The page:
Eighty-five years ago today -- Tuesday, July 21, 1925 -- was the eighth and last day of the trial of State of Tennessee v. John Thomas Scopes. On trial: a man who had committed the crime of teaching evolution in the public schools, violating Tennessee's brand new Butler Act. Also on trial: two different modes of thought -- one, the comfortable, appealing, small-town Christianity of rural America; the other a brash, modern way of testing and sometimes shattering old beliefs. On the one side, an appeal to God and the Bible; on the other, an appeal to evidence and science.
Eighty-five years ago today -- July 20, 1925 -- was the seventh day of the trial of State of Tennessee v. John Thomas Scopes.
This is the seventh in an ongoing series of diaries chronicling, day by day, the events of the Scopes trial 85 years ago. At issue: whether schoolteacher Scopes had violated the Butler Act, banning the teaching of evolution in Tennessee state-funded schools; but on a greater scale, the trial matched proponents of a Bible-based curriculum, claiming the literal truth of the Genesis stories of creation, against proponents of a science-based curriculum, including evolution. On the side of the prosecution, standing for the literal truth of the Bible, stood former Democratic Presidential candidate and Secretary of State William Jennings Bryan; on the side of the defense, standing for science and evolution, stood former Democratic activist, agnostic, and renowned attorney in the fields of labor and criminal law, Clarence Darrow.
This diary is incomplete owing to space limitations on its extreme length. In attempting to provide a complete record of the most vivid parts of the trial, it is difficult to justify leaving very much out. The remainder will be posted tomorrow, together with an account of the eighth day.
Eighty-five years ago today -- Friday, July 17, 1925 -- was the sixth day of the trial of State of Tennessee v. John Thomas Scopes. At issue: nominally, whether a high school teacher had, in violation of a recently passed statute (the Butler Act) taught evolution in the classroom; but increasingly, as the trial moved on, it became a question of whether the American mind would be dominated by science or theology.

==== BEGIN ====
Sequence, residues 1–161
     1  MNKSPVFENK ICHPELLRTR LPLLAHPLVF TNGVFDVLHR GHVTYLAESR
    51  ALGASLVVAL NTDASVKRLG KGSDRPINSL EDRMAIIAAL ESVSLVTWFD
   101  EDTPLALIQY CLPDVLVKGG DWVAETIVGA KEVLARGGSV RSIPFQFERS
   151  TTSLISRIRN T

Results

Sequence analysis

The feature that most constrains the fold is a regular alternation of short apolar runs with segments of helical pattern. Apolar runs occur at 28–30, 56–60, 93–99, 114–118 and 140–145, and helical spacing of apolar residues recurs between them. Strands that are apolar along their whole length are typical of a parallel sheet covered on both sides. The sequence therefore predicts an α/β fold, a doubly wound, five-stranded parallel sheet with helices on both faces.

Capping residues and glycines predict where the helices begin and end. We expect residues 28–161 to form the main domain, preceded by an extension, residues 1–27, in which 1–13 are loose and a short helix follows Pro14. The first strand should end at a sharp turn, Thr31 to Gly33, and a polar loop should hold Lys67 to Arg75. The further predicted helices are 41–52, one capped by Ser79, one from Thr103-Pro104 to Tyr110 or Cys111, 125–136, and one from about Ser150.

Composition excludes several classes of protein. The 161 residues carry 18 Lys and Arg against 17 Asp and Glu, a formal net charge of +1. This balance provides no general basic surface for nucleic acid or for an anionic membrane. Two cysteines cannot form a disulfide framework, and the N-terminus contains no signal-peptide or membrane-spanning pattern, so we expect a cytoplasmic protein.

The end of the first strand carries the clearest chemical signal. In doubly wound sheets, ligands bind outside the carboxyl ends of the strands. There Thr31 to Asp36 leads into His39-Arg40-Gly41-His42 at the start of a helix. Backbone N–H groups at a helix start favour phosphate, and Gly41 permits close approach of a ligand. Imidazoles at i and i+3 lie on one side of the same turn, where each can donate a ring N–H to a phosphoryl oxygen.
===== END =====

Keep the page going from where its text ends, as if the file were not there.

Eighty-five years ago today - Thursday, July 16, 1925 - was the fifth day of the trial of State of Tennessee v. John Thomas Scopes, prosecuting the schoolteacher Scopes for the crime of teaching evolution in the Tennessee public schools.
This is the fifth in a series of diaries commemorating the 85th anniversary of the Scopes trial, summarizing its events day by day. For the first four diaries see:
Eighty-five years ago today -- Wednesday, July 15, 1925 -- was the fourth day of the trial of State of Tennessee v. John Thomas Scopes. On trial: the right to teach science in the public schools.
This is the fourth in a series of day-by-day reviews of the events of the trial. The preceding three chapters are found at:
Eighty-five years ago today -- Tuesday, July 14, 1925 -- was the third day of the trial of State of Tennessee v. John Thomas Scopes.